Catch up and get informed with this week’s content highlights from Charlotte McLeod, our editorial director.
All eyes were on the US Federal Open Market Committee this week, which shed some light on policy after its two day meeting, held from Tuesday (July 27) to Wednesday (July 28).
“Overall financial conditions remain accommodative, in part reflecting policy measures to support the economy and the flow of credit to U.S. households and businesses.
The path of the economy continues to depend on the course of the virus. Progress on vaccinations will likely continue to reduce the effects of the public health crisis on the economy, but risks to the economic outlook remain” — US Federal Reserve
The Fed indicated that it will leave interest rates unchanged, and will also continue its bond-buying program, although the central bank has now suggested it will start thinking about how to taper.
The reaction from gold was positive, with the yellow metal taking off after the meeting — it spent time above the US$1,830 per ounce mark on Thursday (July 29), although it was back down around US$1,813 at the time of this writing on Friday (July 30) afternoon.
Aside from that, I had the chance to speak this week with veteran investor and speculator Rick Rule. He of course shared his thoughts on gold, but perhaps more importantly gave an update on uranium.
I hadn’t spoken with Rick about uranium since the beginning of 2020, when he told investors not to enter the market unless they could be patient. And patience has indeed been needed in the uranium sector — when asked what’s holding the market back, Rick pointed to Japanese restarts, the same factor he identified in our conversation a year and a half ago. In his opinion, “Everything else is in place.”
Rick remains bullish on uranium for a number of reasons, including the launch of the Sprott Physical Uranium Trust (TSX:U.UN), which he believes will help deal with excess supply. However, he did caution that the juniors have gotten ahead of themselves and are no longer the bargain they once were.
“I think the juniors are substantially ahead of themselves. This doesn’t mean that they don’t have upside when the price of uranium crests through US$50 or US$60 (per pound), which I suspect it will. I’m just suggesting that among the juniors there’s downside as well as upside now” — Rick Rule, investor and speculator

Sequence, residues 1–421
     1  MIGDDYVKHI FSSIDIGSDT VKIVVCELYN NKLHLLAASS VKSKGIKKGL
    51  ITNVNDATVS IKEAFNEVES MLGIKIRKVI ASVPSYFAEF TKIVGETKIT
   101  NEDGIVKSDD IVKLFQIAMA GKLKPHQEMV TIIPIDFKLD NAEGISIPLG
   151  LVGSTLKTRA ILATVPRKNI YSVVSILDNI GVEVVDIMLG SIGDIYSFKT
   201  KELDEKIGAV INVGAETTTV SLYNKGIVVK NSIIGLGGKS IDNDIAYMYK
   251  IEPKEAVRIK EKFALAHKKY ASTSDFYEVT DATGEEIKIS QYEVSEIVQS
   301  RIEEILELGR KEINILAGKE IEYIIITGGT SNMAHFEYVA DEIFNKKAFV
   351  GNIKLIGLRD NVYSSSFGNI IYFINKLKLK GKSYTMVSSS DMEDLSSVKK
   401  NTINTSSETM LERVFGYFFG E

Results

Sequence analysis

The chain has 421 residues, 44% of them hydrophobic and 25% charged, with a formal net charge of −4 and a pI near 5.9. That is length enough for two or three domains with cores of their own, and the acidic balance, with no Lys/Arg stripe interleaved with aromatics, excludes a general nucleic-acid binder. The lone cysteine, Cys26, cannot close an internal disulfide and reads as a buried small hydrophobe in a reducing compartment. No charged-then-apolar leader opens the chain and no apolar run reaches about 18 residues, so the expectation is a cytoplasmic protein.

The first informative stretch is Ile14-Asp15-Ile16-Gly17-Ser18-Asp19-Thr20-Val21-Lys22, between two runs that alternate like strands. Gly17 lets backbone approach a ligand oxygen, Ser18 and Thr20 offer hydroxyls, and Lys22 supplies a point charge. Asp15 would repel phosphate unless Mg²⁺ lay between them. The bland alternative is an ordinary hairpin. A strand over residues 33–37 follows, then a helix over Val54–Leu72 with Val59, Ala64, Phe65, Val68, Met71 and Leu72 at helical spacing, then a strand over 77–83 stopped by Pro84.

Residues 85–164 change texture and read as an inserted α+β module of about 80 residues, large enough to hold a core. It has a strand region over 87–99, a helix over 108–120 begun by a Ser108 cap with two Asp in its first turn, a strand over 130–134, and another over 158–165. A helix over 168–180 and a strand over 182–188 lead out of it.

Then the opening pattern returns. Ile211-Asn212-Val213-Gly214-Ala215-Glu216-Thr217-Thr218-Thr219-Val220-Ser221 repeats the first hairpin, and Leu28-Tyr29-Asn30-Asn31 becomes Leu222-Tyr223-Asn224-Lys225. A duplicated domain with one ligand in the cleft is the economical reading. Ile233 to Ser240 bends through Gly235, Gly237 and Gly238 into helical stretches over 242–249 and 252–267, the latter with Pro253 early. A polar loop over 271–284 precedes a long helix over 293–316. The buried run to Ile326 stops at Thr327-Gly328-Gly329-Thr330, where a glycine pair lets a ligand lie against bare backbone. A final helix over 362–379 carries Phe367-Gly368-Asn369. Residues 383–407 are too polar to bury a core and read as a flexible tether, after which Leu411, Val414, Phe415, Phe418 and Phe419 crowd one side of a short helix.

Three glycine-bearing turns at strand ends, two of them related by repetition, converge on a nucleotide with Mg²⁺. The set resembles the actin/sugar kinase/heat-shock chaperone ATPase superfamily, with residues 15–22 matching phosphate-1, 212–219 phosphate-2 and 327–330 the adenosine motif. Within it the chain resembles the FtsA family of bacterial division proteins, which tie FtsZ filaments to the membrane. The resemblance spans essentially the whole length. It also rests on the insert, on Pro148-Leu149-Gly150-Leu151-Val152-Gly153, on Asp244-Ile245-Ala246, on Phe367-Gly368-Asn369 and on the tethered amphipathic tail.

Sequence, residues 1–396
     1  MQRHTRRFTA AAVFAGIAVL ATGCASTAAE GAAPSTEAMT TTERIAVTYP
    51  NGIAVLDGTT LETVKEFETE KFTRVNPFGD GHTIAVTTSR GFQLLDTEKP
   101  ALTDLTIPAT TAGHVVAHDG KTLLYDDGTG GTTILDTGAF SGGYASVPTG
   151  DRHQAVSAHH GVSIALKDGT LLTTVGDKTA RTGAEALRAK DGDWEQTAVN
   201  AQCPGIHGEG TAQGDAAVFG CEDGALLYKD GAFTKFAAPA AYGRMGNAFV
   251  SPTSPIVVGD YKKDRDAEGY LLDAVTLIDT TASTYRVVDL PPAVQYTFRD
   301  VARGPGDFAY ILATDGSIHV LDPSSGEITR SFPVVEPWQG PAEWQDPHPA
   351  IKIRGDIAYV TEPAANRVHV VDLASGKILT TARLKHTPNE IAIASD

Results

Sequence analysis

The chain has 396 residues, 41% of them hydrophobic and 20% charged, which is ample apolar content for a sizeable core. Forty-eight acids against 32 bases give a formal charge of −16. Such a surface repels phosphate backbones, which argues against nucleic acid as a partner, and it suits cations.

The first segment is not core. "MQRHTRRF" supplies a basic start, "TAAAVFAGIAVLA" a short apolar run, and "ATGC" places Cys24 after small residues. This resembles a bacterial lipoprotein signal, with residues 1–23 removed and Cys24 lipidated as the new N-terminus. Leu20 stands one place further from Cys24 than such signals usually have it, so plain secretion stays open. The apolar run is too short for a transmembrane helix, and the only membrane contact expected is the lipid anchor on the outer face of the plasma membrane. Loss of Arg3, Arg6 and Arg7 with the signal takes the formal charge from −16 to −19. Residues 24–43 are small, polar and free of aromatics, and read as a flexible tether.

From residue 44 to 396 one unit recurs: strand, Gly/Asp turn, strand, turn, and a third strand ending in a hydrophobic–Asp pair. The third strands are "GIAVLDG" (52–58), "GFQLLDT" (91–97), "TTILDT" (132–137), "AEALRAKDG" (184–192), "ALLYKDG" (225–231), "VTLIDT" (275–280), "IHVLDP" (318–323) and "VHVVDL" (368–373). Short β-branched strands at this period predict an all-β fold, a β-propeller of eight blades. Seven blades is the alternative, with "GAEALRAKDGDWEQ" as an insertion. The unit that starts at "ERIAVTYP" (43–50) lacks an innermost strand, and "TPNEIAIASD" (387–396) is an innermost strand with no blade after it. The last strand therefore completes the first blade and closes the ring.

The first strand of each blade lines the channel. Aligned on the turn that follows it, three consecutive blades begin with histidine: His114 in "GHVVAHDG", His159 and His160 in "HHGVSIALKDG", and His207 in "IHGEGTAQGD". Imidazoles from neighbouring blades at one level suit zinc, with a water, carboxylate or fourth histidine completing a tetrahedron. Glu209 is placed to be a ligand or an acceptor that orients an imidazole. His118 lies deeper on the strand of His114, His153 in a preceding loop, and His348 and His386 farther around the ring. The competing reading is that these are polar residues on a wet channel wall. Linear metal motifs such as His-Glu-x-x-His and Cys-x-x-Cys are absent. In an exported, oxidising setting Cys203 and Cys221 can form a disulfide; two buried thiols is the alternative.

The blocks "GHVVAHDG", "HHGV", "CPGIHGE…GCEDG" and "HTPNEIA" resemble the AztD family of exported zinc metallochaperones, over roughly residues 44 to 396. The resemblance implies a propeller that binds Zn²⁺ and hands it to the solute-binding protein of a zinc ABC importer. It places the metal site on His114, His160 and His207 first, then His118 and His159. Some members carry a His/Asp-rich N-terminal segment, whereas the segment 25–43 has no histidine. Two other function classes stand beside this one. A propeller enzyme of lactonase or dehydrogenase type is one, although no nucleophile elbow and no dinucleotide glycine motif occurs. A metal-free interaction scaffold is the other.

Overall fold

With uranium in mind, we asked our Twitter followers this week if they think uranium juniors or producers provide the most opportunity right now. Respondents were somewhat divided, but by the time the poll closed most of them had given their vote to the juniors.
Finally, in the psychedelics space INN’s Bryan Mc Govern heard from James Halifax of the Psychedelic Investor. James shared his takeaways from the first half of 2021, admitting that there’s been volatility and saying that clinical trial results will be important to watch for.
“If (the trials) come back negative, basically all these companies are going to $0. The entire valuation on them right now is based on the idea these (trials) will be successful” — James Halifax, the Psychedelic Investor
Most psychedelics companies are following in the footsteps of the pharmaceutical industry, where clinical trials are key to advancement. James noted that company valuations are quite high right now due to positive expectations, but so far it’s too soon to tell whether these levels are merited.
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Securities Disclosure: I, Charlotte McLeod, hold no direct investment interest in any company mentioned in this article.
Editorial Disclosure: The Investing News Network does not guarantee the accuracy or thoroughness of the information reported in the interviews it conducts. The opinions expressed in these interviews do not reflect the opinions of the Investing News Network and do not constitute investment advice. All readers are encouraged to perform their own due diligence.